There’s nothing we love more at the d.school than hearing how alums are sharing and spreading this way of working.
Joaquin Tirado Escobosa, a member of our 2009 bootcamp class, is bringing design thinking to the company he works for in Mexico. Sigma Alimentos is Mexico’s largest maker of processed meat and dairy products, and Joaquin is charged with sussing out innovation possibilities.
He started by running the wallet exercise with 10 colleagues from the processed meat division. The session generated so much excitement that he was asked to do a two-hour session with a multidisciplinary team including marketing, operations, purchasing, and human resources people.
“I was thinking: How am I going to do this with so many people in such a short time?” Joaquin said, before quickly coming up with the idea to video tape interviews with the kinds of customers Sigma Alimentos wants to develop new cheese products for: like his sister, a working mom.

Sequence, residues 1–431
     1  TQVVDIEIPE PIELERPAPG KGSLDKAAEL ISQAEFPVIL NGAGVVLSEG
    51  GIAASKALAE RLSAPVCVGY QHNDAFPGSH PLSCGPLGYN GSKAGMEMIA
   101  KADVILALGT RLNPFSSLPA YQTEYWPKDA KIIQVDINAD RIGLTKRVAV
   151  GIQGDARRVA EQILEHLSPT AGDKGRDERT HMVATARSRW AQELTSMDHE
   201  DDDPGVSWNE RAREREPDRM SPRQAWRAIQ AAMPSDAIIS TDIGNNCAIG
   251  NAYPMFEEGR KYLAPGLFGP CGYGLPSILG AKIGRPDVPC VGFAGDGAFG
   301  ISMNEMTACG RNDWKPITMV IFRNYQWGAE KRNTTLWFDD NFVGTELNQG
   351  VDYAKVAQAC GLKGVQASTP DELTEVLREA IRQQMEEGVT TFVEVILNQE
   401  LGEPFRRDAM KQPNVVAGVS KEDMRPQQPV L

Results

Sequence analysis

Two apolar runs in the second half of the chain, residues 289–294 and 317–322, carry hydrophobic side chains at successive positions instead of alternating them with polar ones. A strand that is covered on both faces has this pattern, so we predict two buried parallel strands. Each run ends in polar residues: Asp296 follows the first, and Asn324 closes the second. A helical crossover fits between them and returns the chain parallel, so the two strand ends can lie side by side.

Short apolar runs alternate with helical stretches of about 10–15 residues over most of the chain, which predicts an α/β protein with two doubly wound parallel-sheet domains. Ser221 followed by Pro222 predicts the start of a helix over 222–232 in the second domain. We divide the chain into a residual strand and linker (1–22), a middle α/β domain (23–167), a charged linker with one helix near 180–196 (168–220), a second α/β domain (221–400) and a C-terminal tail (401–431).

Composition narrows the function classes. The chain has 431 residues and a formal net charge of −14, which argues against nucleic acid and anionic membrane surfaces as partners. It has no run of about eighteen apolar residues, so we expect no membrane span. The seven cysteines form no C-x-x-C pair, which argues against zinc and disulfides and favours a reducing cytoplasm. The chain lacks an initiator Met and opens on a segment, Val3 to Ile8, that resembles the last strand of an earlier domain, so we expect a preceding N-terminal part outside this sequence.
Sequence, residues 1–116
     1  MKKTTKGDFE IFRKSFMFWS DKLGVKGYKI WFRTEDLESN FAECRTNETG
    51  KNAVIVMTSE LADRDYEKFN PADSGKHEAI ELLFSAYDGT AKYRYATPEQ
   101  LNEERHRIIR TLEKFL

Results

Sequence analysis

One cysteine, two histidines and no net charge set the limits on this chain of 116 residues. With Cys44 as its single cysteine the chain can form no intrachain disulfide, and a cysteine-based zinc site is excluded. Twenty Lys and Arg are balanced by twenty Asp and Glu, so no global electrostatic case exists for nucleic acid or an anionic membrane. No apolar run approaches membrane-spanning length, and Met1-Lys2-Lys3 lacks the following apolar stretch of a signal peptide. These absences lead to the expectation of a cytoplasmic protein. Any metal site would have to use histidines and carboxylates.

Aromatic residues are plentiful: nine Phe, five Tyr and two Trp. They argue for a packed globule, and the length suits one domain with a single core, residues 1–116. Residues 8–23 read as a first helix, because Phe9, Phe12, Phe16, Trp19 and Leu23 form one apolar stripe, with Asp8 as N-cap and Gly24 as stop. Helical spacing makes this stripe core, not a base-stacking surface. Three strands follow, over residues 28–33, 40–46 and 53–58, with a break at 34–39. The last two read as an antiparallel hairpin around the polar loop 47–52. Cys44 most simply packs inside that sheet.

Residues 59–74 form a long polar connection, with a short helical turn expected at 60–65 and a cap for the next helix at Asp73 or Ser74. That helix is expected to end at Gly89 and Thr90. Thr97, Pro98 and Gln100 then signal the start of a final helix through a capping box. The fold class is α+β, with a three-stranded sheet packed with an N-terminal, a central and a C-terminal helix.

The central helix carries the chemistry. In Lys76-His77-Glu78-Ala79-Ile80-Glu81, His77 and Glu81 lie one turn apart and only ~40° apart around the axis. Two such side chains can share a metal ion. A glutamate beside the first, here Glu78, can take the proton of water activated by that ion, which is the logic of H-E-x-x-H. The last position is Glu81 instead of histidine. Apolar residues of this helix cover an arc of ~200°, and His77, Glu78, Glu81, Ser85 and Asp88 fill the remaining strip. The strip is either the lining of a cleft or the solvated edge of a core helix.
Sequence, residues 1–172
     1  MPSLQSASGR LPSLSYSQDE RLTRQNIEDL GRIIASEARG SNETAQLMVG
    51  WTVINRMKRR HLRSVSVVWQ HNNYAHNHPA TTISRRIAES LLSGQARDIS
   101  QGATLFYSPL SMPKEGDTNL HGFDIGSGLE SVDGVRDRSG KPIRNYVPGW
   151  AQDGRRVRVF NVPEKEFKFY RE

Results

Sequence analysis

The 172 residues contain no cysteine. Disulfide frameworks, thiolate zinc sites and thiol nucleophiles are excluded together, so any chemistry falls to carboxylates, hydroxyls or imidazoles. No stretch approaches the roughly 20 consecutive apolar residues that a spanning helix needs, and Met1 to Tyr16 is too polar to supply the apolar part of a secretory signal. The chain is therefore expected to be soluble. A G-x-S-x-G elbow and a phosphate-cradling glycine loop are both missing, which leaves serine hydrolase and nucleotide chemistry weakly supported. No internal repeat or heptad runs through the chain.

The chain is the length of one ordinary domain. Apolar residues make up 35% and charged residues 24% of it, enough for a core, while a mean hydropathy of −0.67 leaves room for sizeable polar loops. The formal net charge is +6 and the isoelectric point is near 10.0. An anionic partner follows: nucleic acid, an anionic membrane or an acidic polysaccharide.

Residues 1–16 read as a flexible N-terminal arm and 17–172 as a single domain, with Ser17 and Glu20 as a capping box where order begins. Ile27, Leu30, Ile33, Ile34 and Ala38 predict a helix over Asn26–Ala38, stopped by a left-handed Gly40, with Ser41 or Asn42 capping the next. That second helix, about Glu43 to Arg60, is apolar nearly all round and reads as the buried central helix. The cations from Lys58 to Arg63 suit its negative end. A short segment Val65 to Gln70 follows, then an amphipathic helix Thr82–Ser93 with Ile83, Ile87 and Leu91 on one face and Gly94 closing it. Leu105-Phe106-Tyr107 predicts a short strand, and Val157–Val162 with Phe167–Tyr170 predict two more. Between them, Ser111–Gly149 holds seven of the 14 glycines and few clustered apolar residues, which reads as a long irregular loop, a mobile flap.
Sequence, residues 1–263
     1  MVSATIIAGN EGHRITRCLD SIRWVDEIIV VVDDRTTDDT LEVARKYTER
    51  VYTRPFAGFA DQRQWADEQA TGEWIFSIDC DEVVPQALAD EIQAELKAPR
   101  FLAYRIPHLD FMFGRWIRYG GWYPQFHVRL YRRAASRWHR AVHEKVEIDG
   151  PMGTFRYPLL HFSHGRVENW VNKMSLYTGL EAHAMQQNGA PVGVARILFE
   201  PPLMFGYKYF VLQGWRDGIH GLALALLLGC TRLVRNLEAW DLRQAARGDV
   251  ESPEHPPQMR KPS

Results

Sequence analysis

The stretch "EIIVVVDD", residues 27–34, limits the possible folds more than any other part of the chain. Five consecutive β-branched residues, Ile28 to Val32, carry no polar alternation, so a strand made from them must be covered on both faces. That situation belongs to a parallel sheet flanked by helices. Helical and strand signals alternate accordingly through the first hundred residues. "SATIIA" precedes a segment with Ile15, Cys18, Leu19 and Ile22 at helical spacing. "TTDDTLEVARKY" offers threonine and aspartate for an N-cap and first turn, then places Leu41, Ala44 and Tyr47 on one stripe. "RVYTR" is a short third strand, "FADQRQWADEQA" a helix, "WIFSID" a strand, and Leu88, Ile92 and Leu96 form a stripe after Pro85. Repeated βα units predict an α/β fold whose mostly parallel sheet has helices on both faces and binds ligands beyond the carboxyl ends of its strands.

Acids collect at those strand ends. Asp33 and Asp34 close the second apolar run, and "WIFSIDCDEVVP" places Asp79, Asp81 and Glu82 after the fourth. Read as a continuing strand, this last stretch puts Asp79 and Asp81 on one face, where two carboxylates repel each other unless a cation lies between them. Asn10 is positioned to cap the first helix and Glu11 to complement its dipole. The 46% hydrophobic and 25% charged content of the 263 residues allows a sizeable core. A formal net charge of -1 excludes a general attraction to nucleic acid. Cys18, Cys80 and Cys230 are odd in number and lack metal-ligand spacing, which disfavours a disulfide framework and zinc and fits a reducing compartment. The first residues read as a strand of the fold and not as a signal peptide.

“At first, people thought I was completely crazy for asking them to prototype something in 8 minutes, but it was great because they came up with some great ideas and really deep insights.”
One challenge has been convincing senior colleagues that spending time to develop empathy for customers would be worthwhile. “They feel like, ‘Come on, we already do marketing research,’” Joaquin says. One of the responses he’s found that resonates with his colleagues is anecdotes about how design thinking is working for bigger companies like Procter and Gamble or Bank of America.
What challenges are you finding as you try to bring this way of working into your organization? What’s been working for you? Send your stories to firstname.lastname@example.org.